Astronomy Picture of the Day

Discover the cosmos! Each day a different image or photograph of our fascinating universe is featured, along with a brief explanation written by a professional astronomer.

2008 June 1
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A Twisted Solar Eruptive Prominence
Credit: SOHO Consortium, EIT, ESA, NASA

Explanation: Ten Earths could easily fit in the "claw" of this seemingly solar monster. The monster, though, visible on the lower left, is a huge eruptive prominence seen moving out from our Sun. The above dramatic image taken early in the year 2000 by the Sun-orbiting SOHO satellite. This large prominence, though, is significant not only for its size, but its shape. The twisted figure eight shape indicates that a complex magnetic field threads through the emerging solar particles. Differential rotation inside the Sun might help account for the surface explosion. Although large prominences and energetic Coronal Mass Ejections (CMEs) are relatively rare, they are occurred more frequently near Solar Maximum, the time of peak sunspot and solar activity in the eleven-year solar cycle.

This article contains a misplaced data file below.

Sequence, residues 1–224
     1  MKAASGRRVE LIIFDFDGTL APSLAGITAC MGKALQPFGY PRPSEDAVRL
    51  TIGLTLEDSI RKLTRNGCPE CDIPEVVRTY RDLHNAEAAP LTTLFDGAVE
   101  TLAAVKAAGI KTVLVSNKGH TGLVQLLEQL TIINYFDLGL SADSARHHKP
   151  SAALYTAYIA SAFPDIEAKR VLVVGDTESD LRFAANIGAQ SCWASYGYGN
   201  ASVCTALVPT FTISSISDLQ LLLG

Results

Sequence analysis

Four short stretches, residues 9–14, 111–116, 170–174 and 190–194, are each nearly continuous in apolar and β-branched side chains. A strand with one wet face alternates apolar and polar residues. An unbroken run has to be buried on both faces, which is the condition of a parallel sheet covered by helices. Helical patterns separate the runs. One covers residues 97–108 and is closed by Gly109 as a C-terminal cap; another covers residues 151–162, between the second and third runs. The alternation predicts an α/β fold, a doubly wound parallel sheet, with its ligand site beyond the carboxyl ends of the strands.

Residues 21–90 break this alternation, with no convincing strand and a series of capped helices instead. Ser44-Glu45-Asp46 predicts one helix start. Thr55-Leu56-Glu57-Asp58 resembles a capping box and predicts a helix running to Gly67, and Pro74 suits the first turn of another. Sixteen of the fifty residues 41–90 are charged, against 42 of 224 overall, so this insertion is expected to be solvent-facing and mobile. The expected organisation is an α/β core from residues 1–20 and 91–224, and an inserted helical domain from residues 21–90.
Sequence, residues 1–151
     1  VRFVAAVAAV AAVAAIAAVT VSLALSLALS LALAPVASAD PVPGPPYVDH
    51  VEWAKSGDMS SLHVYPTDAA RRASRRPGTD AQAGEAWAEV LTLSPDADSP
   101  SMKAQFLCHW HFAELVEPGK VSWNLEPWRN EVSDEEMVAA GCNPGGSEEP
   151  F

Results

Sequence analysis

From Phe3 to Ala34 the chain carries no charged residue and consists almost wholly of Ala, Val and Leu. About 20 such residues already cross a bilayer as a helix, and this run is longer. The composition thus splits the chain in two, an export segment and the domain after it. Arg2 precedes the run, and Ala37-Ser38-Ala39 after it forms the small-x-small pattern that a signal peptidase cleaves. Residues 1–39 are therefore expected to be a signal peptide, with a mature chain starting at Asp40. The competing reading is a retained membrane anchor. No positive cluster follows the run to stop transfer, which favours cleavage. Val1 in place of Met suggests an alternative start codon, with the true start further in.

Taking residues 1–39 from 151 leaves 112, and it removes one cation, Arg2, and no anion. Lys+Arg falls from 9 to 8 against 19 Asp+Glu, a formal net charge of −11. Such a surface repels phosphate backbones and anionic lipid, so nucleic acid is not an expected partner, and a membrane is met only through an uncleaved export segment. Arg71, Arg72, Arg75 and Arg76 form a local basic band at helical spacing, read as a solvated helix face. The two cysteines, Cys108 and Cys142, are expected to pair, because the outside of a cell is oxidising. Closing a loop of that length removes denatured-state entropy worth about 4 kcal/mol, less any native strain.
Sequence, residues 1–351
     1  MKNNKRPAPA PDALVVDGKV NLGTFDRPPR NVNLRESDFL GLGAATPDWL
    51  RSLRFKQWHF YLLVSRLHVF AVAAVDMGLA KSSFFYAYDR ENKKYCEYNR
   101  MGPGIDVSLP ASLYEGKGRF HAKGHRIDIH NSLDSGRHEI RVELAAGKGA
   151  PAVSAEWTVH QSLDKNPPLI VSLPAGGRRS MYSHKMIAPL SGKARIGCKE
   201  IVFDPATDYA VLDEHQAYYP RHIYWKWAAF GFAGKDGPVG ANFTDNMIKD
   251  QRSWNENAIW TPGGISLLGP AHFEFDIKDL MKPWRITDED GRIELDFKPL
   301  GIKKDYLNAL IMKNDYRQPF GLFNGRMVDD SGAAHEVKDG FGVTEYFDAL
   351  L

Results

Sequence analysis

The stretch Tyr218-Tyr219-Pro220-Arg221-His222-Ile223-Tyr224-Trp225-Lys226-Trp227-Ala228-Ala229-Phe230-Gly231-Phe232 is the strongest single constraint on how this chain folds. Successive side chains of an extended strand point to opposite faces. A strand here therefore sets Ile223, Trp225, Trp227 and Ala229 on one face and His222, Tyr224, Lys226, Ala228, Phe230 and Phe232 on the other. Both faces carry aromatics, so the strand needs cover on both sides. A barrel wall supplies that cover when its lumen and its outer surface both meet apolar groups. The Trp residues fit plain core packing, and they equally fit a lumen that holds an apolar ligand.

Tomorrow's picture: under Phoenix

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